Put bluntly it is only a section of the nationalist people.

Whether you minimise (as a unionist) or maximise (as a nationalist) the basic fact is that Irish people…Irish citizens …are the largest minority in Norn Iron. We outnumber the Poles, Czechs and Chinese.

Yet oddly the most obvious symbol of our national identity…our National Flag is not treated with the same degree of courtesy as any other ethnic “minority”. While Sinn Féin might have a wish list that includes our Flag to fly equally alongside the British Flag as a parity of esteem issue, it is a red line for unionists.

But there is lower  hanging fruit.

It is for example a normal act of courtesy for a business such as a hotel or restaurant to fly flags when it is patronised by guests from that country.

Although Belfast hotels get a lot of visitors from (say) United States or Germany, I think it is often the case that the guest list at a Belfast, Armagh or Ballymena hotel would often have several residents who are Irish citizens. Not to mention wedding receptions.

So why is flying the Irish Flag as a simple courtesy so taboo.

Frankly that irritates me more that the attitude of DUP dinosaurs to the Irish language.

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Market Day in Ballaghaderreen (Irish Language Part One)

Twelve years ago, my wife and I were passing thru the small town of Ballaghaderreen in County Roscommon. It is actually on the county line with County Mayo and was “moved” from County Mayo in a re-arrangement of administrative lines at the end of the 19th century. Even in 2018, there is some resentment.

Anyway, it was our intention to visit a small heritage centre at Frenchpark, a village about five miles away. The heritage centre is dedicated to Douglas Hyde, academic and folklorist, a founder of the Gaelic League and the first President of Ireland. He died in 1945.

Hyde was brought up in Frenchpark. His father was the local Church of Ireland rector and the family was part of the Anglo-Irish ascendancy in the west of Ireland.

But Douglas Hyde was an odd fish. The servants spoke Gaelic. And young Douglas was fascinated by the words and the stories and threw himself right into the Gaelic revival in late Victorian times.

The story is told that Douglas went to the market in Ballaghaderreen and reprimanded a boy- trader who was shouting in English.

“Cant you speak Irish” asked Dougie.

“Shure isn’t it Irish I’m speaking” replied the boy-trader.

A variation of this anecdote is told by Gaelic speakers to demonstrate the parlous state of the Irish language at the end of the 19th century.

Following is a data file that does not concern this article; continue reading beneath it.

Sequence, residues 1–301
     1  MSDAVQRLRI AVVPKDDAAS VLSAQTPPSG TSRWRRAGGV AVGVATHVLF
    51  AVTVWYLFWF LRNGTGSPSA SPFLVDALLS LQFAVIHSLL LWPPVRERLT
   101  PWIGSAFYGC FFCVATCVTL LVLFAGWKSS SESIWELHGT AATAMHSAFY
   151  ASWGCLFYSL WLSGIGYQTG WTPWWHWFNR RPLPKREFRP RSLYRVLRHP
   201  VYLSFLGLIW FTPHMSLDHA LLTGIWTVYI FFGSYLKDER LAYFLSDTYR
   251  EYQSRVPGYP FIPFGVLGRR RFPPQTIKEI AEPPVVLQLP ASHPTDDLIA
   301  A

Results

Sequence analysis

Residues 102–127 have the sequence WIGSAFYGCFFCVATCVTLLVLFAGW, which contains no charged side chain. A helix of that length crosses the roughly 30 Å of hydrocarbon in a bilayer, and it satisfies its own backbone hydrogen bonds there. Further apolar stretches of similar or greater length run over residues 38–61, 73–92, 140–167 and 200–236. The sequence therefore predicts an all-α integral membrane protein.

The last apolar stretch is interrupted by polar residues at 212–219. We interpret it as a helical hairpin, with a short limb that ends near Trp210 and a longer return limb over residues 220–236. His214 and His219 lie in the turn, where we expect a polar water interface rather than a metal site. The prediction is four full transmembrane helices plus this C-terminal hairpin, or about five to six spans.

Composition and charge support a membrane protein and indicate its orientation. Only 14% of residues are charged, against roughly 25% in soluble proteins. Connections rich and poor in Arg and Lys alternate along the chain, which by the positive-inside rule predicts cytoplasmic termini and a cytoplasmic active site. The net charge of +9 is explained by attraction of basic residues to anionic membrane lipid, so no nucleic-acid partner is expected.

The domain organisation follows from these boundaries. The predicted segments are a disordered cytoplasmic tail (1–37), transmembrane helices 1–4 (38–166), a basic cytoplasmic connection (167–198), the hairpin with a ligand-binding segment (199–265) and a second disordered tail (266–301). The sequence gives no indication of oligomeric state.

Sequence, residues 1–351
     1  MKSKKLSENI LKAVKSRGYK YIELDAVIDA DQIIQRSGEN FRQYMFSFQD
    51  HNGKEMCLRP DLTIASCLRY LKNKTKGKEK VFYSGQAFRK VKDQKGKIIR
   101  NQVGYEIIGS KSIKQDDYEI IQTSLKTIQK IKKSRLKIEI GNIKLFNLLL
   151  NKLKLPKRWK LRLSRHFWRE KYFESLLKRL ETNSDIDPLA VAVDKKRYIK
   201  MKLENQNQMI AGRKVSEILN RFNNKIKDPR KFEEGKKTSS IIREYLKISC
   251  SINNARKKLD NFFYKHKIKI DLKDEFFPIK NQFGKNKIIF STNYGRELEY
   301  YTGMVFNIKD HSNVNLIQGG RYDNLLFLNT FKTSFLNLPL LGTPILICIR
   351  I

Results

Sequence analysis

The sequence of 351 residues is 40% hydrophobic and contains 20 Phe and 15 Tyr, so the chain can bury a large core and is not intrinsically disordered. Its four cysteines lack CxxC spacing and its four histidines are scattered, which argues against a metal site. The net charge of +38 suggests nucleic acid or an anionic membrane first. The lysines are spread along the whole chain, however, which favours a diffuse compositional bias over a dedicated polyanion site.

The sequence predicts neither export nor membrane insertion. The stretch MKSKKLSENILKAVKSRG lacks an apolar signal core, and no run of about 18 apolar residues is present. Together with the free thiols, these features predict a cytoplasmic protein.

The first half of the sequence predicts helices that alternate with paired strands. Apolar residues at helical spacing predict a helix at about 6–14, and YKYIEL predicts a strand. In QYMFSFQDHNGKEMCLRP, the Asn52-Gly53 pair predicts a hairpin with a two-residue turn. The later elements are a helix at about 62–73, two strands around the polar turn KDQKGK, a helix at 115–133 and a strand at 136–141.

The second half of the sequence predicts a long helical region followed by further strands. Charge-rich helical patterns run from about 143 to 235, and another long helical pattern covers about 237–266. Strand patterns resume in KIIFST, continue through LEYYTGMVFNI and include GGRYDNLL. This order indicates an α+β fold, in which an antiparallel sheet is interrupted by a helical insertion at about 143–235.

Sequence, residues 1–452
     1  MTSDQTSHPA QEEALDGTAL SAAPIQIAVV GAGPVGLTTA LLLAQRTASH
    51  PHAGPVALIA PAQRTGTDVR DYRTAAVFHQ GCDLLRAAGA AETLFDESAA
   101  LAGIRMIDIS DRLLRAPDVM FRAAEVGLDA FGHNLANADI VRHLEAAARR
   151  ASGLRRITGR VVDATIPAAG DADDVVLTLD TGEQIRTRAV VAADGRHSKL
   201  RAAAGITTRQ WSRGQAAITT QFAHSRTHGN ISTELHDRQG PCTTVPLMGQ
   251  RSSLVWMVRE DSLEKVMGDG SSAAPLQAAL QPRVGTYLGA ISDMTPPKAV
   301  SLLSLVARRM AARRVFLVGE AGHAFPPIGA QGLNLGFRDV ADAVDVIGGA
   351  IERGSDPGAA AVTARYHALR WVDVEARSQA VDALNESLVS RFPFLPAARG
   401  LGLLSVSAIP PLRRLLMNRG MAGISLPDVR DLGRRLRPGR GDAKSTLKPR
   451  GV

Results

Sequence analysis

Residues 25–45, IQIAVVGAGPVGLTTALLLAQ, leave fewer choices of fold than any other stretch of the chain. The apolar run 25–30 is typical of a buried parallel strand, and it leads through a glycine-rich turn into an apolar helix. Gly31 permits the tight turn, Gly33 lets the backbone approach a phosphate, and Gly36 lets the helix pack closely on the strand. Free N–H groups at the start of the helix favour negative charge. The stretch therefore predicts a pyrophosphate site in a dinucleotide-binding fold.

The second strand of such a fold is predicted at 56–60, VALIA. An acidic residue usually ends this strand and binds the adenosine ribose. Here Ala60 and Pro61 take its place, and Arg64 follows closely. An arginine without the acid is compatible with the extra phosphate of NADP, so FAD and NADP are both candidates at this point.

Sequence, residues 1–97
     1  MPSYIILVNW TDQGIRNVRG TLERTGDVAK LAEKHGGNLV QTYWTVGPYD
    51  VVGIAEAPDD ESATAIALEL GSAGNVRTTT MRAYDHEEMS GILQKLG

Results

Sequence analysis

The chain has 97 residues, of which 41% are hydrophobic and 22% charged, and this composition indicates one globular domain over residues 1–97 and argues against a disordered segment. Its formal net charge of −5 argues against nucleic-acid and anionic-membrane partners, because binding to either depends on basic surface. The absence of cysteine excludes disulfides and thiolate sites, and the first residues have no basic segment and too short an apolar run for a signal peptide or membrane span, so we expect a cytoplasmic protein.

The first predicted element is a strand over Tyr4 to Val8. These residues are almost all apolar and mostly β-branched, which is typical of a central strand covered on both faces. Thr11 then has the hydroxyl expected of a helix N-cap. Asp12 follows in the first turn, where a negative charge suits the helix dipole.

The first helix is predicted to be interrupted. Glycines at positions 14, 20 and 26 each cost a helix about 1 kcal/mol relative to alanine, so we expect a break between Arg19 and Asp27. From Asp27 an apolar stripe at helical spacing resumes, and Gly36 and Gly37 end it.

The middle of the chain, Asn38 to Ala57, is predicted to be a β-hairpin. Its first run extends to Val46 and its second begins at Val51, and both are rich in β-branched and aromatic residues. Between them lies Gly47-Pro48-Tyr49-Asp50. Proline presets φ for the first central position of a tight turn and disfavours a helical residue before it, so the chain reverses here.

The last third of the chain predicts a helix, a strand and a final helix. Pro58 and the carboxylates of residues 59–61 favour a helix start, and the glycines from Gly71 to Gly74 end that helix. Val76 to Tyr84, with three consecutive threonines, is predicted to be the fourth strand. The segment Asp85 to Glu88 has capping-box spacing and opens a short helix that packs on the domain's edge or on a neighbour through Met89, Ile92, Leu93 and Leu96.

My take is that I am on the side of the youngster in Ballaghaderreen.

Which brings me to Ballaghaderreen in 2006. Driving in from County Mayo, there is a square….or more accurately a triangle in the town. The road-sign to Frenchpark was unclear. I was 90 per cent certain of the route (I had been before) but my wife insisted that I get out of the car and actually ask someone.

I asked a young man. But he wasn’t very sure. He was from Eastern Europe and his English wasn’t very good. …although better than my Polish, Czech and Hungarian. So I went into a local shop, bought two “99s” (ice cream) and the young woman behind the counter pointed the way to Frenchpark.  She was Czech and her English was perfect.

Ballaghaderreen…huh. As we drove the five miles to Frenchpark and the grave of our first President, we laughed about how Douglas Hyde would be turning in that grave.

Was that young Czech-born woman speaking Irish in much the same way as the boy-trader, nearly a century and a half previously.

The revival of the Irish/Gaelic language has been a priority for all governments from Independence. It is regarded as the first National Language. It is our First National Hypocrisy. And our first National Failure.

A few words might explain it. It is easier explained in a bi-lingual way.

I am English. I speak English. I am Irish. I speak Irish.

So in the English language, there is no distinction between the nationality and the language. But say the same words in “Irish” and this is how it looks. Forgive any spelling errors as I don’t speak more than a few words and phrases and I am not going to do Google Translate.

Is Sasanach  mé. Tá Béarla agam. Is Éireanach mé. Tá Gaeilige agam.

So in Irish we actually make a distinction between nationality and language.

For all the emotion associated with the Irish language, I don’t understand its totemic importance to Sinn Féin. Id love to see the Irish language flourish but I am not sure that it is as central to my identity as an Irish person that many nationalists and republicans claim.